The magician obviously has magical powers. Quite often these characters are layered with the wise. But not all stories are fantasy stories. So is this archetype used only in fantasy? This might be a blurry line between the Mystery archetype in other stories. Maybe this character appears when unexpected, like magic but not really magic. Or the character makes something happen unexpectedly. Be careful that this doesn’t become a deus ex machina* situation.
Gandalf and Galadriel are the magicians in this story, of course. Notice that Gandalf did not say, “Hey, I have a spell that will shield you from the wiles of the ring.” He actually very rarely uses magic in the movie. As mentioned above, he and Galadriel are layered with wise person archetypes and mentor to Frodo.
*deus ex machina-an unexpected power or event saving a seemingly hopeless situation, especially as a contrived plot device in a play or novel. (It’s lazy writing.)
Many YA and Middle grade books have the typical bully in their stories. Adult books have them, but are not usually labeled as such. Often they are the antagonist, but not always the primary one.
In LOTR I can’t think of a more classic bully character than Denethor. Sauron and Saroman, sure, they are bad and yes a bully in that they try to get what they want through brute force. Bullies though are more than just a strong arm. They get what they want through awful, twisted psychology. Denethor did this better than any other character. Look at how he treated his two sons. One could do no wrong. The other, just wanted to be seen and recognized, but Denethor blamed him for everything. Poor Faramir. It breaks my heart.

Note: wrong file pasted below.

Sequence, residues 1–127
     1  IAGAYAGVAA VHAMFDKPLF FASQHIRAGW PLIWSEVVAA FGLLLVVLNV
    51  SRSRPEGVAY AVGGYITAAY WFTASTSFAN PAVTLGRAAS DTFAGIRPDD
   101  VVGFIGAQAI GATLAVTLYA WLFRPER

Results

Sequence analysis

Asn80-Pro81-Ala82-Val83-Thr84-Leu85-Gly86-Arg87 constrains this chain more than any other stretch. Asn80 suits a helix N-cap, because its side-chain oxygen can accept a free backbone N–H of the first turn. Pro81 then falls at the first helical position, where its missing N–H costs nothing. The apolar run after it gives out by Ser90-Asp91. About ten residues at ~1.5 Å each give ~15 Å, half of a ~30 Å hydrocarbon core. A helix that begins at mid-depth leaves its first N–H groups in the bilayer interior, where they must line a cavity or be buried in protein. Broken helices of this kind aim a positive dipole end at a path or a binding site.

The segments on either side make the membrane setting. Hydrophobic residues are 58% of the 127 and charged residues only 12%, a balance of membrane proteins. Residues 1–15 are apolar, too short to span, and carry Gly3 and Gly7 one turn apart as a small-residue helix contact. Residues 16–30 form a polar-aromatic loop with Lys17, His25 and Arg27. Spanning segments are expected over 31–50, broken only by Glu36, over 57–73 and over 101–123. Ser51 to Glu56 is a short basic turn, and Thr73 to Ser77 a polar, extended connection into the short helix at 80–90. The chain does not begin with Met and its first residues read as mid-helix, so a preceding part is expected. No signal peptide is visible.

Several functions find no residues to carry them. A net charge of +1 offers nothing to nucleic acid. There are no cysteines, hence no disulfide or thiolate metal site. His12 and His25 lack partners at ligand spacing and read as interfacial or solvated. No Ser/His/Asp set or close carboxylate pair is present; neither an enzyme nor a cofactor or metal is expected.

When creating your bully character(s) think about not just the physical aspect, but the psychological aspect.
In summary, my advice about effectively using each archetype
- You may have noticed I kept saying to layer your characters to keep it unique and interesting.
- Bully- remember the psychological aspect
- Magician- watch out for deus ex machina.
- Eye-Candy- Layers and making the characters do double or even triple duty is the key to keeping this archetype from becoming stereotypical.
- Jester- It’s boring when there is a character whose only purpose is to crack jokes, so maybe mix it up with any of the other archetypes.
- Warrior- Ultimately a warrior can be more about their spirit rather than their ability in a battle between armies.
- Mentor- So don’t feel like wisdom must always come from the old person in your story or the mentor archetype person. Share the love/wisdom!
- Orphan- Is it necessary to the plot? Is there something you can do to make this character different from the stories you’ve read before with this archetype?
- Lawbreaker- Think about motivations and methods. Lawbreaker doesn’t always have to be the antagonist.
- Caregiver- Remember to stretch old notions and think outside the box.
- Mystery- Your MC may not know if they can be trusted because their background is unknown. Use this to your advantage to create doubt and conflict.
- Leader- Some are natural born leaders but some are made through the story. Likely if they are your protagonist, they will grow into this role. Use them both if you can.